In the video game industry most sports have annual releases, some even bi-annual, but for tennis fans you just never know. It was almost three years ago we saw 2K’s last entry in their coveted tennis franchise (Top Spin 3) and the marketplace hasn’t changed much in that time frame. So in the past few years has 2K and new developers 2K Czech have finally brought us the next entry to the series in Top Spin 4. The question on most tennis fans is has it been worth the wait? Read our full review to find out.
I try to make sure when I am writing a review that I grant the reader perspective of my experience right out of the gate. I have been a long time tennis fan, and am one of the minorities that follows the sport even outside of the four major tournaments. Not only do I enjoy the professional sport I have dabbled in playing the sport for the majority of my life, so I have a big interest in a tennis video game. So going into Top Spin 4 I am one of the many that have been anxiously awaiting a new tennis game and had high expectations going into the review of this game.
So let’s cut the chase now and get into the review. First up is the new mechanics which are kind of a cross between Top Spin 2 & 3. You have the ability to play the entire game using nothing but the face buttons which still allow you to hit the ball flat, with top spin, slice, and lob. Timing has become the key to any shot, as if you hit the ball too early or too late and your shot is more then likely not going to go where you want it. Also given the duration of which you hold the button will determine the amount of power put into a shot. Serving can also be done using the right analog stick which works but pulling back to toss the ball in the air and pushing forward to swing. The controls are spot on giving but advanced gamers as well as new fans a chance to hit the ball around.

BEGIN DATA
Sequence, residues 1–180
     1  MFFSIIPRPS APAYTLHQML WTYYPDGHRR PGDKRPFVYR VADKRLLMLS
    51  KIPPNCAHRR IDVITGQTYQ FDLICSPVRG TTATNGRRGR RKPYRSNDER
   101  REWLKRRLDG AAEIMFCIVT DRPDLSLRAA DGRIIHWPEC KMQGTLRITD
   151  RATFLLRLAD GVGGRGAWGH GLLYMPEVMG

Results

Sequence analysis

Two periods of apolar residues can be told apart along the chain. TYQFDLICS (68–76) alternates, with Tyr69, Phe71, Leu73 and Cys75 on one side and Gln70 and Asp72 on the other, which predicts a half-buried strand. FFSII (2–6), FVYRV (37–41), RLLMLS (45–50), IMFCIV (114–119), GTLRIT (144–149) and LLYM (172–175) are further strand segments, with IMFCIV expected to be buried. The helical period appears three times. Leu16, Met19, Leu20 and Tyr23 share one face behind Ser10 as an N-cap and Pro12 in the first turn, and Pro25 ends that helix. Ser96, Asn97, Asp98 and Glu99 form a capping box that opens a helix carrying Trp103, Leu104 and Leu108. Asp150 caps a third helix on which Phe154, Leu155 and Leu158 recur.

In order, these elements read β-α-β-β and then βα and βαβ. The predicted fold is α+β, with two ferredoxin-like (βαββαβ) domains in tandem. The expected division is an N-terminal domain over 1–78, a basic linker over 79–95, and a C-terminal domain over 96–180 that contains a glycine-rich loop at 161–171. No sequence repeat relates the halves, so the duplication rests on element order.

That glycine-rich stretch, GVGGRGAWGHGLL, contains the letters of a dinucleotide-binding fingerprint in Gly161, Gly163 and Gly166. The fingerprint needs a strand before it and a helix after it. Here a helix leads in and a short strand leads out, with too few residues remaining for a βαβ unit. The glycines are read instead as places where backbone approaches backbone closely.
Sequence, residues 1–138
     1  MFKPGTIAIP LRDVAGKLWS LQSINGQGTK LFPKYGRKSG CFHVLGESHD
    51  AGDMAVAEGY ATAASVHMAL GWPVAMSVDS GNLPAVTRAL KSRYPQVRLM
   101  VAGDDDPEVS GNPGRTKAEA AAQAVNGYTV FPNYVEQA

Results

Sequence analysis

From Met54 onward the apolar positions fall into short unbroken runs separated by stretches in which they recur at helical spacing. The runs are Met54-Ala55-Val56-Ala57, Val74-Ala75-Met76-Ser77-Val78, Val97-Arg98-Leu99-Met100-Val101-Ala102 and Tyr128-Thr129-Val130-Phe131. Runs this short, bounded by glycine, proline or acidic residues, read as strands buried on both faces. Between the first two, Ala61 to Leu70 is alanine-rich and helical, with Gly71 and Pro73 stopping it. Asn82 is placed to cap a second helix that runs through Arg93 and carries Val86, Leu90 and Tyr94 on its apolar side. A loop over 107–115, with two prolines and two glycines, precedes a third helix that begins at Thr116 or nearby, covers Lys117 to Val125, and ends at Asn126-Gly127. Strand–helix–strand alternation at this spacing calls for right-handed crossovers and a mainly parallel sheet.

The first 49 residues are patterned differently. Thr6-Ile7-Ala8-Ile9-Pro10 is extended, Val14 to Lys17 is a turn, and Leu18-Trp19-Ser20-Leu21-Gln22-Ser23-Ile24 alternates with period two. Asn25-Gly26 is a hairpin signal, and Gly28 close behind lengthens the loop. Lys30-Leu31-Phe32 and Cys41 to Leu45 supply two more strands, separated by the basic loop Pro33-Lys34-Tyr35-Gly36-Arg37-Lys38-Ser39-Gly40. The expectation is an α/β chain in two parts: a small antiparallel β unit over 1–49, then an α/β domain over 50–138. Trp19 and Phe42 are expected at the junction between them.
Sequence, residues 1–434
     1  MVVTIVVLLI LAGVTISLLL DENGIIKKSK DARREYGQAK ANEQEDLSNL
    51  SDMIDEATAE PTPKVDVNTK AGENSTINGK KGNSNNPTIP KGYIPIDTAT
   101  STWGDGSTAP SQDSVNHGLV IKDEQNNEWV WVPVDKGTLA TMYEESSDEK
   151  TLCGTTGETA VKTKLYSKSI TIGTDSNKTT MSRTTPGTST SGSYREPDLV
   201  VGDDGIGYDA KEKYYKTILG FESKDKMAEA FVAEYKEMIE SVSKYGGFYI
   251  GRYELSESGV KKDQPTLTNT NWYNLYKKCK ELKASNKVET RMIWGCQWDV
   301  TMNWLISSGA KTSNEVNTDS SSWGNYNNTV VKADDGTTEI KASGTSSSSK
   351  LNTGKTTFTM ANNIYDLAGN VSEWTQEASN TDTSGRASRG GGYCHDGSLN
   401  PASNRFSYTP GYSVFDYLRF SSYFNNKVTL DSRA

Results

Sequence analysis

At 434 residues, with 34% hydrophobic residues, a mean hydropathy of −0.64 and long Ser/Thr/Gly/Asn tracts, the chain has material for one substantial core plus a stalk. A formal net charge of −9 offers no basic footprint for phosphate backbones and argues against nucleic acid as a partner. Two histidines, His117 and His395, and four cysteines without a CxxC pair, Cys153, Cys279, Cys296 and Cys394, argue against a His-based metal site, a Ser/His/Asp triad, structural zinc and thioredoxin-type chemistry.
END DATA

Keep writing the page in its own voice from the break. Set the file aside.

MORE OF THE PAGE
Along with smooth controls you can see that 2K Czech has spent a good deal of time tightening up the games animations. Each of the pro’s in the game have a distinct playing style both in real life and in the video game. So if you’re playing as Andy Roddick you will notice his very prominent serve, or Federer’s beautiful one hand backhand. Not only do the developer’s nail the playing styles they do a great job of allowing the points to flow. A lot of times in Top Spin 3 points felt pretty mechanic, but in Top Spin 4 seems to flow much better. Transitioning from the backcourt to the net is as easy as hitting the right bumper and making your way forward. If your opponent gives up a decent lob you now have the ability to chase it down and get yourself back in the point.
So with smooth Gameplay and good controls, the game lends itself ready for a great career mode. Sadly the career mode although deep and full of tennis action still is a few steps away from being great. You start off with a very in depth character creation process which allows you to do a ton of work on both your players personal characteristics and his/her playing style. Once you have your created character your off to start your career. First you go into the Minor Tournaments and work your way up to Majors, Masters, Grand Slams, and even tournaments for your country. Along the way you will be able to train your player playing practice matches as well as sponsor matches and dream matchups. The backend system for the career mode is relatively simple you want to gain XP which allows you to level up your player to the max level of 20. While leveling up your tennis player you then can focus the awarded XP on three major categories Serve and Volley, Offensive Play, and Defensive play. The system lends itself nicely to those inexperienced in the tennis genre but for those who have played these games before I would imagine more control will be wanted.